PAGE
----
In the first of the brand new column ‘Straight Talking Orthodontics’, Dr Shivani Patel discusses the ideal targets for achieving static occlusion.
Orthodontics is a specialty which diagnoses and treats abnormalities of the bite and jaws in children and adults. The term ‘orthodontics’ comes from the Greek word ‘orthos’, meaning straight or correct and ‘dontia’ which means relating to teeth.
When treating patients we have many goals. For example, a short treatment time, lack of discomfort for the patient and avoidance of damage to the oral tissues. In terms of tooth positions, there are only two groups of goals: occlusal goals and facial aesthetic goals.
What does straight teeth really mean?
Malocclusion is the technical term for spaced or misaligned teeth which do not fit properly. The word literally means bad bite.
As the awareness and demand of orthodontics increases amongst our population of both adults and children, it is important as a clinician to understand what the term straight teeth really means. Most clinicians focus on what is visible when you smile, and that is usually the front six teeth.
However straight teeth should be assessed on the basis of the 32 healthy, working adult teeth arranged correctly in the upper and lower jaws. The relationship between all these teeth adjacent and opposing within each jaw should be harmonious, aesthetic and functional.
I appreciate that every patient cannot conform to the ideal or perfect dental arrangement because of the differences into the shape, size, bone structure and racial characteristics.
However as professionals we have to agree that there is no normal because of this variability. In addition, when analysed from different viewpoints there are at least six key features that need to be demonstrated. This is so that we can be satisfied that our patients have straight, functional teeth and great longevity.
Let’s start with the midline. Ideally this should be coincidental dentally and with the facial midline viewed from the front or above the patient. Centrelines vary in patients with lower jaw asymmetries, early loss of deciduous teeth causing drifting of teeth, asymmetric tooth loss or hypodontia.
When measuring the facial midline, beware that the nasal septum is not deviated. If it is, measure from the middle of the forehead. Discrepancies of the midline are not detectable until the midline is off by four millimetres. Lower centreline discrepancies are often not seen as they are hidden by the lower lip.
There is also a smile zone that exists between the canines. All the anterior teeth should appear within the lips when you smile. All the teeth should appear in both zones be in a balanced relationship with each other.
Contrary to popular belief of our patients, the biting edges of the teeth should not be straight. It is perfectly natural for the front edges of the teeth to form a contour pattern.
The presence of the contour pattern enables us to distinguish between patients who have machine dentures or ill design veneers and somebody with a natural look. The ideal relationship between the front teeth should be stepwise with the central lateral and canines at different levels both at the incisal edge and at the gum level.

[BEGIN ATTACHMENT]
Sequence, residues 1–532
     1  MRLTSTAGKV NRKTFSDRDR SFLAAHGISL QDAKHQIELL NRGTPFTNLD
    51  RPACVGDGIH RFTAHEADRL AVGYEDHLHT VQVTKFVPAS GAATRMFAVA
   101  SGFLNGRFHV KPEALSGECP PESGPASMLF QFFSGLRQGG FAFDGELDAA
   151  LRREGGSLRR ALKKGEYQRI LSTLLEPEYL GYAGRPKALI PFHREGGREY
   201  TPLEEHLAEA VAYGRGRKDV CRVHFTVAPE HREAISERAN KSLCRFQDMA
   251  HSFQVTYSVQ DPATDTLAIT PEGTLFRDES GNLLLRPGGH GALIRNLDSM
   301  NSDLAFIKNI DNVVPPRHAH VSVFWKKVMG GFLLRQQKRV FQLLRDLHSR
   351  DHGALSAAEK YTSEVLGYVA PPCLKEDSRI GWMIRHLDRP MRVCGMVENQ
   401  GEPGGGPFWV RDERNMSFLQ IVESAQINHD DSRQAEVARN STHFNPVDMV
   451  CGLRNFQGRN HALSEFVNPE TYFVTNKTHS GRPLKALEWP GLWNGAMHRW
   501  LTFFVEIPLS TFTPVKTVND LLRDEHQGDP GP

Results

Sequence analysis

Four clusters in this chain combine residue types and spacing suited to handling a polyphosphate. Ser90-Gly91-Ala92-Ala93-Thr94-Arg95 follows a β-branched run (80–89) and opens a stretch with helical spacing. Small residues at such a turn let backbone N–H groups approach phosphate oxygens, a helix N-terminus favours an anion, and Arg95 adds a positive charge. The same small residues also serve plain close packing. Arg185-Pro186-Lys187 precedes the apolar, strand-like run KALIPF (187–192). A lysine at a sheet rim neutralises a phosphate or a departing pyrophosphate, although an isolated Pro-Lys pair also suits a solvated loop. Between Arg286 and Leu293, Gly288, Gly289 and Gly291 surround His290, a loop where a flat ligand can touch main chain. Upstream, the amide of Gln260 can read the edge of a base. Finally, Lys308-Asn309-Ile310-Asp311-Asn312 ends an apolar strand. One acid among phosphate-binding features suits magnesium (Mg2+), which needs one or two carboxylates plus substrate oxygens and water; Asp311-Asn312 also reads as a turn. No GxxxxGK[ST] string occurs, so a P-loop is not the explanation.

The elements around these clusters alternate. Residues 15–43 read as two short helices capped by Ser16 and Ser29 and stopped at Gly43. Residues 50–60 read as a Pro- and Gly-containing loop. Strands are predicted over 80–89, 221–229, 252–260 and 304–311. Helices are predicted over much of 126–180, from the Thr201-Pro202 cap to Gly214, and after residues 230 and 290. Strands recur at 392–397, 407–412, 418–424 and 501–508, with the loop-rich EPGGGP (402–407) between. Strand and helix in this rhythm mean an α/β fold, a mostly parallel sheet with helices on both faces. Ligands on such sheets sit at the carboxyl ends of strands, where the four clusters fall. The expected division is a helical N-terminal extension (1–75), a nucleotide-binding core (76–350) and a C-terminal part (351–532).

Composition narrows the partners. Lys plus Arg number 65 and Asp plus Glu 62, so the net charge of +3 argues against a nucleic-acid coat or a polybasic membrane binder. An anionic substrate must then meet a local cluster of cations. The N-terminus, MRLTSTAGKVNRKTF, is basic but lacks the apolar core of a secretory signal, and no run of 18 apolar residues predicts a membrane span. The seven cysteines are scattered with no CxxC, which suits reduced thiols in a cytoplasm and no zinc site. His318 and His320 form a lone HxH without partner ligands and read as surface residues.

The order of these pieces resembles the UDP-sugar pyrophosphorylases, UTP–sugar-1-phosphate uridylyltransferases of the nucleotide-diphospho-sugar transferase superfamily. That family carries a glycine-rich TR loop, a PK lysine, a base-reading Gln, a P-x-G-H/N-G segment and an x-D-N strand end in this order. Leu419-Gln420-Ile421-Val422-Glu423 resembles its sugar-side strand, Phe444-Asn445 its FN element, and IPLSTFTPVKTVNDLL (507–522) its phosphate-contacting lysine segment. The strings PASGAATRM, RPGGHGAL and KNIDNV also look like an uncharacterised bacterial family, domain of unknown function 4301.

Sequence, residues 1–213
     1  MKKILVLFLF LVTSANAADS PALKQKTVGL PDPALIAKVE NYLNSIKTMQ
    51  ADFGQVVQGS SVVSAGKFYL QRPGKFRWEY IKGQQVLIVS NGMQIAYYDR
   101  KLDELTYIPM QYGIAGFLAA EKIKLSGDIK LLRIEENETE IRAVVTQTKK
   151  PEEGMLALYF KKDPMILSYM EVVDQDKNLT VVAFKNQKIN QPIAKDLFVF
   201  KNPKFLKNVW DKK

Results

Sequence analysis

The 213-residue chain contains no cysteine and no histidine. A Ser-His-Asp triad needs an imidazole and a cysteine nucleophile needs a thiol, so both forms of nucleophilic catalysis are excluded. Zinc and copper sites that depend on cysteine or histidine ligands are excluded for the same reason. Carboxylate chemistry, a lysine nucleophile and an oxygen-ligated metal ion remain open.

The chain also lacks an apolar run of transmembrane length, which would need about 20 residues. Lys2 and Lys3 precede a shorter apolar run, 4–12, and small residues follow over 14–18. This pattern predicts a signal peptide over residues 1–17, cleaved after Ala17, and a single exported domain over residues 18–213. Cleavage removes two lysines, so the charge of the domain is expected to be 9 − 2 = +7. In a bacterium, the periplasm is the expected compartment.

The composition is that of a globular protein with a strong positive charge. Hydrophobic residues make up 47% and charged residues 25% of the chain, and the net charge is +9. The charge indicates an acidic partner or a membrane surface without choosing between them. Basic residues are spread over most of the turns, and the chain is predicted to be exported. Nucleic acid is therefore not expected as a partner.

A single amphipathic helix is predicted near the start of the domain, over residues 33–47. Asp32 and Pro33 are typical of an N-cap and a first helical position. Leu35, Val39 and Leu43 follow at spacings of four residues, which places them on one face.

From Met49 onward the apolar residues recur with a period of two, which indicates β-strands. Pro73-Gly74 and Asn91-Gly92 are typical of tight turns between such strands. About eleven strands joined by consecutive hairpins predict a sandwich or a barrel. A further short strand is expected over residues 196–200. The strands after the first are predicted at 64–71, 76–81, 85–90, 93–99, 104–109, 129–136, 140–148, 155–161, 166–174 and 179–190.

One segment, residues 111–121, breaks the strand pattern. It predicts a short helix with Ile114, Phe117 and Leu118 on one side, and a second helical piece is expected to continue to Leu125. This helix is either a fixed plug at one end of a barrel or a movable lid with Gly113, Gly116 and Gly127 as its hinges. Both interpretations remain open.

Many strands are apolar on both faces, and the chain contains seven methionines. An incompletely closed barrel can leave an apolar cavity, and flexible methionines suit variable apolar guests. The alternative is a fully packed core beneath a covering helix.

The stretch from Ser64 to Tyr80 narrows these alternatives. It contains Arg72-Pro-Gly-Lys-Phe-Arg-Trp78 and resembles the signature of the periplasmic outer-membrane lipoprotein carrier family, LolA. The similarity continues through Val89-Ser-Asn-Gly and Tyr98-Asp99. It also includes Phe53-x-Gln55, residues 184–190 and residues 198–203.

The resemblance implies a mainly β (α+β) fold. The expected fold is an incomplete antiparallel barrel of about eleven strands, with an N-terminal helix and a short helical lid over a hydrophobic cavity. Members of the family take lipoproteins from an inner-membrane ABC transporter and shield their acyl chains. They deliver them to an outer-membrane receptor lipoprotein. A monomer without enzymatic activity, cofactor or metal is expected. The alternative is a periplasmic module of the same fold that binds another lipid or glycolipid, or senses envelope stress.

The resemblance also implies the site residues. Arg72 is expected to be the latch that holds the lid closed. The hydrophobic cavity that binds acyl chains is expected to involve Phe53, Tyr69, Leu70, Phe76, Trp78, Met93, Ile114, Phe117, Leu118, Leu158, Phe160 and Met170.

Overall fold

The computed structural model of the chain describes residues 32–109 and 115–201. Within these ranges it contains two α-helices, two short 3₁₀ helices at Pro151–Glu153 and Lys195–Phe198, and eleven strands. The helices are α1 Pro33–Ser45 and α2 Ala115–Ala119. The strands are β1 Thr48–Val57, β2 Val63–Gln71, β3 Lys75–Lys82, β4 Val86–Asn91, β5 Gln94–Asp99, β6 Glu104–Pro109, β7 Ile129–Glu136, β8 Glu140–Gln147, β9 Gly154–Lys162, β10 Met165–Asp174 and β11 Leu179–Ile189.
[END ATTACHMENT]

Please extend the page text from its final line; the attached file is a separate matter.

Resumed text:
Dental arches should both be balanced and symmetrical in an ideal scenario.
Teeth should be well aligned with no spaces and rotations. However this is not achievable in patients with tooth size and shape differences and bone structure.
There will also be differences in dental arch shape and size if patients have skeletal discrepancies, cross bites, scissor bites or missing teeth. In addition, patients may have had teeth extracted if orthodontics caused the arches to narrow.
When viewing your patient’s teeth from the buccal aspect in static occlusion, you should have a good interdigitation.
Ideally, they should be in a class one relationship. Research has shown a class one occlusion has the most occlusal contact between surfaces compared with a class two or class three group.
In addition, research shows that well intercuspated teeth may be more stable and desirable.
This is the relationship with the upper teeth in a vertical direction.
The upper teeth should ideally cover no more than 30% of the lower teeth. If there is no overbite, we call this an ‘anterior open bite’. This means that in occlusion only the posterior teeth are in contact.
This will lead to unnatural wear of the posterior teeth (attrition), breakages of any fillings or restorations, and can also lead to TMJD.
However, if a deep bite occurs due to an increased curve, this causes an excessive vertical overlap of the upper and lower incisor teeth.
As a result, it can lead to the wear of the lower incisor edges. In severe cases, it may also lead to the stripping off the gums palatal to the upper incisors and labial to the lower incisors leading to recession.
This is the extent to which the front top teeth protrude past the lower front teeth.
This horizontal distance ideally should be two to four millimetres. However, it depends on a number of factors.
The overjet can be increased if the lower jaw is setback and small or if the upper teeth are protrusive or proclined due to a digit sucking habit.
The overjet can be reduced and the teeth can sit edge to edge or even in a reverse overjet if the lower jaw is protruding forwards due to a skeletal III pattern.
Tooth width discrepancies between the arches or between different parts of the same arch may well be an under-recognised cause of the inability for orthodontist to achieve an ideal static occlusion.
The above ideal targets are very hard to achieve if you look closely enough. However, they are a very useful clinical aid to achieving an intercuspal occlusion that would be widely accepted as ideal.
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